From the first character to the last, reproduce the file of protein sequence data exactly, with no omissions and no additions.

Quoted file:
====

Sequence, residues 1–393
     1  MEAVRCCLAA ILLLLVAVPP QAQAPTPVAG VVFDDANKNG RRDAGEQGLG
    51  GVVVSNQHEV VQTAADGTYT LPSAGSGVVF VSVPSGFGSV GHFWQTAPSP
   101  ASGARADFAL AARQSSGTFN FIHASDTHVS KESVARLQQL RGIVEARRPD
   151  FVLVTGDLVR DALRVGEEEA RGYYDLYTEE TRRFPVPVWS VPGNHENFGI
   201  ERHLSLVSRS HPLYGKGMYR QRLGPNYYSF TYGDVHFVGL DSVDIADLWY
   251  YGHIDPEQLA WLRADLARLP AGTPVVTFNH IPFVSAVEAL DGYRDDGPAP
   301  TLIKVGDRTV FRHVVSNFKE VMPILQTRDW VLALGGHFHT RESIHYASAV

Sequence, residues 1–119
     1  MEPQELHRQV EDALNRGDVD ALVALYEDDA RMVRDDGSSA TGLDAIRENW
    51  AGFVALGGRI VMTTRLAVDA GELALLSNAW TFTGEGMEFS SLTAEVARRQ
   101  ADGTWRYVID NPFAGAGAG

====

Sequence, residues 1–393
     1  MEAVRCCLAA ILLLLVAVPP QAQAPTPVAG VVFDDANKNG RRDAGEQGLG
    51  GVVVSNQHEV VQTAADGTYT LPSAGSGVVF VSVPSGFGSV GHFWQTAPSP
   101  ASGARADFAL AARQSSGTFN FIHASDTHVS KESVARLQQL RGIVEARRPD
   151  FVLVTGDLVR DALRVGEEEA RGYYDLYTEE TRRFPVPVWS VPGNHENFGI
   201  ERHLSLVSRS HPLYGKGMYR QRLGPNYYSF TYGDVHFVGL DSVDIADLWY
   251  YGHIDPEQLA WLRADLARLP AGTPVVTFNH IPFVSAVEAL DGYRDDGPAP
   301  TLIKVGDRTV FRHVVSNFKE VMPILQTRDW VLALGGHFHT RESIHYASAV

Sequence, residues 1–119
     1  MEPQELHRQV EDALNRGDVD ALVALYEDDA RMVRDDGSSA TGLDAIRENW
    51  AGFVALGGRI VMTTRLAVDA GELALLSNAW TFTGEGMEFS SLTAEVARRQ
   101  ADGTWRYVID NPFAGAGAG